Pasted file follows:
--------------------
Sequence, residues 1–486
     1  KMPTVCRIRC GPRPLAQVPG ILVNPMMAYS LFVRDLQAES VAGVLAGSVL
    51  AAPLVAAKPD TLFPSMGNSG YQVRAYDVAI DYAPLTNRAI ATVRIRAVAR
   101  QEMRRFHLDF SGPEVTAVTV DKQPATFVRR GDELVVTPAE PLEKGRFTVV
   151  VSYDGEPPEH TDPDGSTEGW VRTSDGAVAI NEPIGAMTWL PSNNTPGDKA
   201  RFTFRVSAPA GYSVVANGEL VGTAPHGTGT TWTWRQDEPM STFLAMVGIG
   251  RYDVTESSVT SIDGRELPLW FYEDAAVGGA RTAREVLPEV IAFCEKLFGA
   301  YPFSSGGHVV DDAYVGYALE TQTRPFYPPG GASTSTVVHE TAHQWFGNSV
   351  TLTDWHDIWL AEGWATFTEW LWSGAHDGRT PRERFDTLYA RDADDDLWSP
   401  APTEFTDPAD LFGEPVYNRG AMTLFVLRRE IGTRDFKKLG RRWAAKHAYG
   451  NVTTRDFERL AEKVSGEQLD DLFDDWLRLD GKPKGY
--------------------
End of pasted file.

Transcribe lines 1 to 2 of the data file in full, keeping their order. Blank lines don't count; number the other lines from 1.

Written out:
Sequence, residues 1–486
     1  KMPTVCRIRC GPRPLAQVPG ILVNPMMAYS LFVRDLQAES VAGVLAGSVL